Get “into the bassinet” with your baby by making the space smell like you (“you” being the mother).
To do that, sleep with the sheets for a few nights and use them in the bassinet.
I’ve read wild success stories with this one.
4 – Rethink your lights
Babies like it extra dark. In the daytime, you might want to try blackout curtains.
At night, go with a muted night light instead of the overheads.
I know, a basic piece of advice that might sound like it’s commonplace. Yet, I read success stories from parents who got their baby to sleep in the bassinet by going darker.
5 – Experiment with white noise
Again, I’m guessing that you already own a white noise machine if you have a restless rascal on your hands, but that’s not all you can do.
Take the time to research the different white noise machines out there, read the reviews and search for sleep patterns similar to your baby’s.
The logic here is this – if the problem is similar, there’s a chance the same thing might help.
6 – Make sure it’s not reflux or gas causing the problem
For babies with reflux and gas, burping might not be enough to get them comfortable. Try keeping them upright for 15-25 minutes and see if it helps at all.
To be clear, I’m talking about keeping the baby upright in your hands while they’re awake. Sleep positioners and wedges pose a serious safety hazard.
7 – Get your timing right
The one thing I’ve seen help with getting a newborn to sleep in a bassinet is choosing the moment when you put them in. Soothe and cuddle your baby until they’re about to fall asleep.
Use that moment to place them in the bassinet. The bait-and-switch might help them get used to the new environment faster.
The mistake people make in bassinet-sleep training is putting the baby in once they’re asleep. They should be drowsy but aware of the bassinet.
8 – Swaddle, swaddle
Babies are light sleepers, and they startle easily. It’s a regular part of developing the neural pathways they’ll need to walk.
For sleeping in a bassinet, it’s less than ideal.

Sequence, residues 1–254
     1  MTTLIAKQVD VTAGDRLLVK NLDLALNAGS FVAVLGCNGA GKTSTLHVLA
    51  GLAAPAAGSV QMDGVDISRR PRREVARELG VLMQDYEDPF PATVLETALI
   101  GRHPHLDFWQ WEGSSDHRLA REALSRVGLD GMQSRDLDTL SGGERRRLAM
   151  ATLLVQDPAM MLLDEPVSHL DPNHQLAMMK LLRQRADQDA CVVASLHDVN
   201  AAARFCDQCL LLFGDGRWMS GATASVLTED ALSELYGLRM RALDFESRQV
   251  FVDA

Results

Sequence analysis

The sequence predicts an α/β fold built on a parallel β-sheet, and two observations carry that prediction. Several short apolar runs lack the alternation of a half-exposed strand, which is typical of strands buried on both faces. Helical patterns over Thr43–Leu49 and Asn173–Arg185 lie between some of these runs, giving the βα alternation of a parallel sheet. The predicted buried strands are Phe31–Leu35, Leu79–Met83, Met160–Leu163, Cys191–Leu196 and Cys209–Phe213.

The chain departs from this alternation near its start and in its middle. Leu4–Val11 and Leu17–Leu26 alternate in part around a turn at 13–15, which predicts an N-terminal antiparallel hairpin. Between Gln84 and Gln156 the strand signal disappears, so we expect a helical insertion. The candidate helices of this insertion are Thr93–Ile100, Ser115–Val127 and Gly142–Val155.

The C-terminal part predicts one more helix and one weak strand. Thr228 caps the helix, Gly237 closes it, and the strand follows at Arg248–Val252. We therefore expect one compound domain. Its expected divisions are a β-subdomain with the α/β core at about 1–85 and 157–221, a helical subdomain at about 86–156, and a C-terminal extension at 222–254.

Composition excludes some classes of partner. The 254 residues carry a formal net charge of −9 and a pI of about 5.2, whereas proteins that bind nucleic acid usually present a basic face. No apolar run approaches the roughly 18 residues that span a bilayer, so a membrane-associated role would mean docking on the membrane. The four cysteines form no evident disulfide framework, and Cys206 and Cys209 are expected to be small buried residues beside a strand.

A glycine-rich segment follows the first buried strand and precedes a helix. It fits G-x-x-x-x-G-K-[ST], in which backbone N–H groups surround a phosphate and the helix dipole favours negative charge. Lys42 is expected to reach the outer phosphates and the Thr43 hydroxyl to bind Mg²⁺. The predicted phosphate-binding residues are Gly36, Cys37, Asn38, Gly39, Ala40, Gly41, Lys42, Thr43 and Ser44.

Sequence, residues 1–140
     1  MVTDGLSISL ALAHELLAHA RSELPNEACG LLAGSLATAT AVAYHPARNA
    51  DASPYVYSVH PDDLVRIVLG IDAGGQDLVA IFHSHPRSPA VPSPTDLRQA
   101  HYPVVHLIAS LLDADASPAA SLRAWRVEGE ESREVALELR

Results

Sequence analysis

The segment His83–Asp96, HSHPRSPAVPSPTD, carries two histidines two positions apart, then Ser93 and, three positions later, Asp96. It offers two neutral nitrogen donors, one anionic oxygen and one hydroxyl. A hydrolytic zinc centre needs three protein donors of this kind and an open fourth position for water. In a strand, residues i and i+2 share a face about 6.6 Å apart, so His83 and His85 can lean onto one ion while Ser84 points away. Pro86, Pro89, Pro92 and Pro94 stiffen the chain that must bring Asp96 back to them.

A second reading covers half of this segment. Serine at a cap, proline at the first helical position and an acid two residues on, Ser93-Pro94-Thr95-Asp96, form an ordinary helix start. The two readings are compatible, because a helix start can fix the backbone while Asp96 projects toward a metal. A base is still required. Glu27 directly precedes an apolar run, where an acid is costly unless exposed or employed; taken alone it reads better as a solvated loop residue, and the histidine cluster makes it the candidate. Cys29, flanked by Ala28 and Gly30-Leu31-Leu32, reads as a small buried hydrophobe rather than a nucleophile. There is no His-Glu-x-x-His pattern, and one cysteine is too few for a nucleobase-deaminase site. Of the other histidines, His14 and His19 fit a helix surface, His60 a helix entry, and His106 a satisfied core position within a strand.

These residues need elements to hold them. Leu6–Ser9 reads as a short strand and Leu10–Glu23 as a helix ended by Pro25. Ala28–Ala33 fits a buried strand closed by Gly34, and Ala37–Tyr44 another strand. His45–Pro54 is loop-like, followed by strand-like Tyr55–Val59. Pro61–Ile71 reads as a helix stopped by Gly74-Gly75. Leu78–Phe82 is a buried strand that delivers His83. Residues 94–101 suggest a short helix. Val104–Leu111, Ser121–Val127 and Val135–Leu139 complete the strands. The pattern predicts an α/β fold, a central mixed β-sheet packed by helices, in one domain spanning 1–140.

The way to offset it is by swaddling them. A swaddled baby won’t startle as much and will be less anxious.
9 – Try the washcloth trick
A common reason a baby wakes up and throws a fit as you try to place it in a bassinet is the sudden temperature change – from your warm hands to the cold sheets.
Try warming the sheets up with a heated pad or a warm water bottle before putting the baby in. It should go without saying, but anything you use to warm the bassinet MUST be removed before placing the baby in.
The critical part here is the head/cheek. It’s where they feel the cold.
With that in mind, you might try the good ol’ washcloth “trick.”
These are the steps:
- Place a soft cloth between your hand and the baby’s head and give it time to warm up.
- As you place the baby in the bassinet, leave the cloth in and only slide your hand out.
- Watch over the baby for a few minutes as their body heat warms up the bassinet surface. DO NOT leave the baby unattended and keep a watchful eye at all times because an object like a cloth is a suffocation hazard.
- Gently lift the baby’s head and slide the cloth out.
10 – The weird tissue trick
I don’t know how and why this works, but here goes. Gently waft a soft tissue over the baby’s face a few times.
I’ve seen it work wonders.
If it works for you, you’re one of the lucky ones.
11 – Get the right bassinet
You can lull and swaddle them until the cows come home and still fall short of what some of these modern bassinets can do.
That’s what made the most difference for my family – getting the SNOO smart bassinet. It does cost a pretty penny, but it does it all for you.
It combines the power of vibration, movement, and sound to put the baby and soothe them when they startle or wake up.
Bassinets and newborns – the bottom line
You’ll notice a common theme in many of the tips above – mimicking the womb.
Take the time to understand the logic behind these tips and why they work, and you’ll be able to come up with your soothing combos.
That’s where ‘real’ parenting starts.